Teen/YA Poet & Novelist
Teenage and YA Poet: He wrote hundreds of poems, some published, many quite excellent, most very good, as a teenager (ages 14 to 20).
YA Novelist: Summer Planets is a sweeping, poetic, and melancholy tale of galactic apocalypse, betrayal, and conspiracies written by a 19-year old college sophomore and published poet age 18) at the University of Connecticut in New England (his first complete, full-length novel).
Professional Writer: Three summers as a college student intern reporter on a regional metro daily newspaper, while attending University of Connecticut an English major. This website is a work in progress. Lots more info soon.
Twenties: Starving Artist, U.S. Army, Europe
By 22, I had my B.A. in English (University of Connecticut) and lived in New Haven for about two years as a starving artist. During that time, I wrote several more novels. I already had well over 300 poems (some published) and added another hundred or so. I made several Kerouac style journeys across the U.S. and Canada, one hitch-hiking about 4,000 miles in all from CT to Salem, OR in the Northwest; then down to Chula Vista, cA on the Mexican border. Next trip, I drove (in a car with a flat tire that needed filling 2 or 3x daily). Such is the adventuresome (determined) life. I settled in Southern California age 24 but joined the U.S. Army and spent the next five years stationed in Cold War Germany. There, I finished my days as a poet, and turned my energies entirely to writing atmospheric, poetic, artsy prose. I had written at least ten novels by the time I returned to CONUS age 31 to start a new life as a surfer, technical writer, and (yes, of course) novelist. For more info, see the Clocktower Books Museum, but preferably stay on this website a while and enjoy some of my poetry. I've collected the poetry from my teen, YA, and NA years in three published volumes. Click the travel-themed picture at right bottom to read one of those poetry volumes free.
Name Game: JTC (for short) was born in Europe, an Army brat, son of a U.S. Army NCO and a Luxembourg expat mother. His birth name, after both grandfathers, is Jean-Thomas. After spending his childhood at installations in several European countries, he was brought to his father's birth city of New Haven, Conn. at age 10. In the English-speaking world, he has always used John T. Cullen for ease of passage. And, readers may notice, when the Internet age began, he was a pioneer digital publisher, using the pen name John Argo. That reflects the sense of wonder about the early Web, before digital money and cyber crime, in honor of another Age of Wonder. That is the Bronze Age, over three thousand years ago, which was remembered a millennium later by Classic Hellenes (Greeks) like Homer, Hesiod, and others. Think of Jason and the Argonauts (literally, 'Argo Sailors') aboard their own ship of wonder, the Argo, cruising on the outer space of their own age, the Aegean and Pontic Seas, in search of the Golden Fleece and other mythic, wonderous adventures. So about John Argo: now you know why. But that is all long after JTC's own age of youth and wonder, when as a teenager and Young Adult (YA) he wrote a wealth of poetry celebrated on this website along with his first full novel now titled Summer Planets, originally Cosmopolis: City of the Universe.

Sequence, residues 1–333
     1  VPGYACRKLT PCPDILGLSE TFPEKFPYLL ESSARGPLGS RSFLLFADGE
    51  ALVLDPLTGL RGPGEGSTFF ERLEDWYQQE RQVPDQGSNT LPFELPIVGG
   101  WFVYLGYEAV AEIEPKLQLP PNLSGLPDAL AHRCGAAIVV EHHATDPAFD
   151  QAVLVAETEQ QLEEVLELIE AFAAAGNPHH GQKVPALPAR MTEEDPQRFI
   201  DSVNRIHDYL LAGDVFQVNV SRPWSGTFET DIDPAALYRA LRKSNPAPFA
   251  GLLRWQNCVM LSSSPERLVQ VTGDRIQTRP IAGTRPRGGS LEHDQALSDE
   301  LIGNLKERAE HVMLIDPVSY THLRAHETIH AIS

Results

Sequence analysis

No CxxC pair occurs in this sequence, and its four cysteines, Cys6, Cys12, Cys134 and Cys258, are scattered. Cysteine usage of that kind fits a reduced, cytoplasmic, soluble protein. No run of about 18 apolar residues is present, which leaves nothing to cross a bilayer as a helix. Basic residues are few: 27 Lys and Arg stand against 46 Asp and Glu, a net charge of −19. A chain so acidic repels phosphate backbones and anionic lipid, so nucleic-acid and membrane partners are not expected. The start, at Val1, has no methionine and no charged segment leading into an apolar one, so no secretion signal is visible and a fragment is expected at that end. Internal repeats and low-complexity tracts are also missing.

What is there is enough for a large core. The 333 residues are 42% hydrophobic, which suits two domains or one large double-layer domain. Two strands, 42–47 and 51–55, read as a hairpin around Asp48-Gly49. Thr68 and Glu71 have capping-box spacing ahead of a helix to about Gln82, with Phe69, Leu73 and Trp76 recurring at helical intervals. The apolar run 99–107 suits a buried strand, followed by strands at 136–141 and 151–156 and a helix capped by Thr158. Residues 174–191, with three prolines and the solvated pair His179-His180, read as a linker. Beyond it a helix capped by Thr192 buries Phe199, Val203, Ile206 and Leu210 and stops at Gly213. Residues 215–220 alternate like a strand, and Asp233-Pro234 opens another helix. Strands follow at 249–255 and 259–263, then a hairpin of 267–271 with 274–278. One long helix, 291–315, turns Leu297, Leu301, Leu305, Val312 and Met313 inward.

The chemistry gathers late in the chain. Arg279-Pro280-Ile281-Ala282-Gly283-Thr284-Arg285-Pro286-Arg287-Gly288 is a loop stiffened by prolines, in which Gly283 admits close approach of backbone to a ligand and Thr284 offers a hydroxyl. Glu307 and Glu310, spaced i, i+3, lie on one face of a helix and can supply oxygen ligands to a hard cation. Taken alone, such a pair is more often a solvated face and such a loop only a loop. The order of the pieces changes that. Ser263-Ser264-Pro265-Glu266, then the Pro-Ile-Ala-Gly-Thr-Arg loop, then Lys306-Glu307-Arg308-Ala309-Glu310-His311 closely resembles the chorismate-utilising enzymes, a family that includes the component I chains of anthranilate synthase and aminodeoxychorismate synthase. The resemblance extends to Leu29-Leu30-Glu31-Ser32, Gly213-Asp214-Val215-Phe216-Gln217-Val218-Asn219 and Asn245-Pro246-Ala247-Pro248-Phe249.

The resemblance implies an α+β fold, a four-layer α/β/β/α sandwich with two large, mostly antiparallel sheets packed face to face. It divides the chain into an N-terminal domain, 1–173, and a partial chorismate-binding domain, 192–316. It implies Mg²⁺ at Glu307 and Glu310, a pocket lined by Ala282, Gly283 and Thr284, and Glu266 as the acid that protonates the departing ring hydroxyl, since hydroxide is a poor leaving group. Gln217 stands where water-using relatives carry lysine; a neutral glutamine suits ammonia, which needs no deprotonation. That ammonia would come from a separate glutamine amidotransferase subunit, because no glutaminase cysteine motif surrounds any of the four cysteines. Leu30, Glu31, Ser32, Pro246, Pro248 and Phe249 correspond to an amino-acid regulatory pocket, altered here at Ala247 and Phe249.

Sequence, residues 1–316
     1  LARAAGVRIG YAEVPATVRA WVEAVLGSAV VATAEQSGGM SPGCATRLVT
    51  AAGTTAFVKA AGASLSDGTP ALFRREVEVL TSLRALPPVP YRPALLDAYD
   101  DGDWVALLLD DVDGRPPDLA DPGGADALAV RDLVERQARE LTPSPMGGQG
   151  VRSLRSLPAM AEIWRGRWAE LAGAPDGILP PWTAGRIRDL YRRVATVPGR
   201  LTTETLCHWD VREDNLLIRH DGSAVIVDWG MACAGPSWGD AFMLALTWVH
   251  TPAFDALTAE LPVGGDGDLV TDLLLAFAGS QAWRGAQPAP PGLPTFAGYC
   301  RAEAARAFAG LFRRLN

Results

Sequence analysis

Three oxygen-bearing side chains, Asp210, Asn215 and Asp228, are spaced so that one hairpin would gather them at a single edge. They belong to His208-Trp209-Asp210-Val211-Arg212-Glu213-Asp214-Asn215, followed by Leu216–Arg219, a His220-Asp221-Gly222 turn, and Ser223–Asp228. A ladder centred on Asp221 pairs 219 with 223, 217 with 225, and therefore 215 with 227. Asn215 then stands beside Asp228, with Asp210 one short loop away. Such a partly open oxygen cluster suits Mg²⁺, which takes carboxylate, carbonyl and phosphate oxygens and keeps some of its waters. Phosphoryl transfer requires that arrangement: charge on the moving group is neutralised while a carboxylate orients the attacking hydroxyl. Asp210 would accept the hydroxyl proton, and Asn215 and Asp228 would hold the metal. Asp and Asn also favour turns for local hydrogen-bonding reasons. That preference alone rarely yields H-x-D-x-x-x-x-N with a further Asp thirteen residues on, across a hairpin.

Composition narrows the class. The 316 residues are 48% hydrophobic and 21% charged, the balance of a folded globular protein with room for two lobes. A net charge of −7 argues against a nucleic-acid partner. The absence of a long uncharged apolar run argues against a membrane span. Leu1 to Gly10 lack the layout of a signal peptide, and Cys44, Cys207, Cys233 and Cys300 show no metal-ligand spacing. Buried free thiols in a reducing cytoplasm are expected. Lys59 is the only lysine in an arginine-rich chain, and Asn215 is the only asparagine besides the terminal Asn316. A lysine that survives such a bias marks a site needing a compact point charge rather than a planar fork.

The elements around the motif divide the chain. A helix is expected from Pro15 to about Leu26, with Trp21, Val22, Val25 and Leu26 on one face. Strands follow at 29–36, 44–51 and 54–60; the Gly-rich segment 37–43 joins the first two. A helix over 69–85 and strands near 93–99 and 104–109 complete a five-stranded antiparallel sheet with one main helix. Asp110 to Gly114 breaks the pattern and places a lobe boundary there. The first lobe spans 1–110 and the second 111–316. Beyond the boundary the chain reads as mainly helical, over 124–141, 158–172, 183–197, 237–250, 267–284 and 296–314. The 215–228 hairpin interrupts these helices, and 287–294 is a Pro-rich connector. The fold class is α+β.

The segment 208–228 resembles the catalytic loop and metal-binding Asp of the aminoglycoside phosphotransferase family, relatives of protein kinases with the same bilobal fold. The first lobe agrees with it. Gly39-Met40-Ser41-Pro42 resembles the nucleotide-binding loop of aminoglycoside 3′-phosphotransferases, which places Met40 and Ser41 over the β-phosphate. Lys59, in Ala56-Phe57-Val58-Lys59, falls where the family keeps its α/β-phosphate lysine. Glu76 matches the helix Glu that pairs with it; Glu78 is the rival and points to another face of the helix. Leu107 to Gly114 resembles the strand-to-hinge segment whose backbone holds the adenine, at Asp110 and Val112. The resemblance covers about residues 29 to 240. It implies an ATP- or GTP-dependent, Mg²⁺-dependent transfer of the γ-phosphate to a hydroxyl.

YA Writer: Teenager & Twentysomethinger
425+ Poems and Two YA/NA Novels
Lyric Poets & Rock Stars. The mission of this website is to celebrate hundreds of poems and two special novels (among the several) written during my teenage and twenties years. I had already written at least ten novels when I returned from a long U.S. Army enlistment in Cold War Germany, where at about age 27 I hung up my poetry hat. That is famously the age range when rock stars and lyric poets flame out, with lyric poets generally no longer writing poetry but turning all that creative artistry into atmospheric, rich, thoughtful prose fiction. It's not always commercially quick & easy for the masses, which is why we have legends of *real* artists starving in garrets, unknown and unrecognized. Well over 1,000 pages of my work sat gathering dust for many years, but I never gave up believingin the value of those many moments in time captured on restaurant napkins, beer coasters, or high school and college note paper. Poetry is timeless, and I feel that the enthusiasm, talent, and sincerity of that young man deserves its moment in the sun at last. You can help. Poetry works if readers find something in it that stirs their soul. Hope you enjoy some good reading (JTC).